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TABOR refunds to be larger based on budget forecasts

Individual filers will get $750 instead of the original $400 that was previously forecast. Joint filers will get $1500.

COLORADO, USA — The money Colorado residents will be getting ahead of the November election as part of the TABOR (Taxpayer Bill of Rights) refund will be larger than expected due to new, stronger budget estimates.

That was announced during a Joint Budget Committee update to lawmakers on Tuesday morning. The law requires that refunds be given based on forecasts, which means individual filers will now get $750 and joint filers will receive $1,500.

However, that is still a forecast since they don't have the final state revenue that's subject to TABOR for the current year. So it's still possible that the number is too high or too low.

Colorado Gov. Jared Polis (D) also announced the new refund amounts during a news conference Tuesday afternoon. He said the checks should be in citizens' mailboxes in August.

RELATED: What Coloradans should know about your incoming TABOR refunds

A prior budget forecast called for refunds of $400 for individuals and $800 for joint filers.

The June budget forecast can be found here.

Under TABOR, which was passed in 1992, the amount of revenue governments in the state can retain and spend is limited, and excess revenue must be given to taxpayers.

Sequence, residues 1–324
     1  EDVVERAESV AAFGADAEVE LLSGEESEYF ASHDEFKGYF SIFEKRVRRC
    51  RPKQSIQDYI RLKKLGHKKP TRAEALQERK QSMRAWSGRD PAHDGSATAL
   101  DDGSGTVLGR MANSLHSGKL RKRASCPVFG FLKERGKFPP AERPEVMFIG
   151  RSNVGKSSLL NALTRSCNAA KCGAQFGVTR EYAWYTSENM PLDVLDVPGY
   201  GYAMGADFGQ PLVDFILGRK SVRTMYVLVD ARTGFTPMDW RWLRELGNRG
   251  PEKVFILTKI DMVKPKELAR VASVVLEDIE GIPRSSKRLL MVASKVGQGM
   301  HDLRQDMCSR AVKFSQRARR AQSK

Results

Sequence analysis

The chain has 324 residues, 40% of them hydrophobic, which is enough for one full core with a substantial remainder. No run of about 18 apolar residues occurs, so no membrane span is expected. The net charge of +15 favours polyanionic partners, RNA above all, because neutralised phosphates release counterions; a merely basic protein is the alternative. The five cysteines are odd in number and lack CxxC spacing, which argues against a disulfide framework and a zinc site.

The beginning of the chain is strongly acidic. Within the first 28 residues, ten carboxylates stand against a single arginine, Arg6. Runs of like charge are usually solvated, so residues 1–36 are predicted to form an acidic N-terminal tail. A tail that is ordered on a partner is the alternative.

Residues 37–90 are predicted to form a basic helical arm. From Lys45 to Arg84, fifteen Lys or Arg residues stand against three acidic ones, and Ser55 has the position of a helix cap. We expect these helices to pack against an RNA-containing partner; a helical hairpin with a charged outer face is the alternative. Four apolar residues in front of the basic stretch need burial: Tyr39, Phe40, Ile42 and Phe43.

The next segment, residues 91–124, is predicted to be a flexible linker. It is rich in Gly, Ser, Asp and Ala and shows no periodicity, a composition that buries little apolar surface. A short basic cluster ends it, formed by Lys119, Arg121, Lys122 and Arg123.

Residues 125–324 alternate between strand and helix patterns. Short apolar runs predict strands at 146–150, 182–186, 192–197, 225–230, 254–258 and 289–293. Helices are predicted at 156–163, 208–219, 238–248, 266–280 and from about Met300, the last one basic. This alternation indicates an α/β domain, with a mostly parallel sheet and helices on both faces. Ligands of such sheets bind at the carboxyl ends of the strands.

The majority of Coloradans are eligible to receive checks from the state government due to TABOR, which passed in 1992.

Most full-time residents have already taken the necessary step to get their checks mailed to them filing their 2021 state income tax return. The returns will come in the form of physical checks, not direct deposits.

RELATED: Strong revenue growth means proposed earlier TABOR refund checks could be higher

Any full-time resident who hasn't filed can still ensure they get a check by filling out and submitting Form DR 0104 by June 30. Legislators tweaked the original deadline of May 31.

The funds would normally be sent out in April of the following year, but Polis and Democratic lawmakers wanted to make that money available sooner. 

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